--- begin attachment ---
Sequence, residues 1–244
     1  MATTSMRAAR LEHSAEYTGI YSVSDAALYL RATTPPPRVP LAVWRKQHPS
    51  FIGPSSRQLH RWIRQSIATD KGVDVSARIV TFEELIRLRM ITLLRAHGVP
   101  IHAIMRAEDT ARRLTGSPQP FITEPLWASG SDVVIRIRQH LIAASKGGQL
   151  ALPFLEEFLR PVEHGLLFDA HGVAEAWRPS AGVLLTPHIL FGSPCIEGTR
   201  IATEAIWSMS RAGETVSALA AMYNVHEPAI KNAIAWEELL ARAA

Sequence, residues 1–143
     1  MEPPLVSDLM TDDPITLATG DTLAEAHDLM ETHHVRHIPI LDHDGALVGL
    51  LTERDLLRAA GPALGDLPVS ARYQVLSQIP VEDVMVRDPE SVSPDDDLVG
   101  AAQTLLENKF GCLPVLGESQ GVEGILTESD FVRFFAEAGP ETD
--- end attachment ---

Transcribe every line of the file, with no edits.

Sequence, residues 1–244
     1  MATTSMRAAR LEHSAEYTGI YSVSDAALYL RATTPPPRVP LAVWRKQHPS
    51  FIGPSSRQLH RWIRQSIATD KGVDVSARIV TFEELIRLRM ITLLRAHGVP
   101  IHAIMRAEDT ARRLTGSPQP FITEPLWASG SDVVIRIRQH LIAASKGGQL
   151  ALPFLEEFLR PVEHGLLFDA HGVAEAWRPS AGVLLTPHIL FGSPCIEGTR
   201  IATEAIWSMS RAGETVSALA AMYNVHEPAI KNAIAWEELL ARAA

Sequence, residues 1–143
     1  MEPPLVSDLM TDDPITLATG DTLAEAHDLM ETHHVRHIPI LDHDGALVGL
    51  LTERDLLRAA GPALGDLPVS ARYQVLSQIP VEDVMVRDPE SVSPDDDLVG
   101  AAQTLLENKF GCLPVLGESQ GVEGILTESD FVRFFAEAGP ETD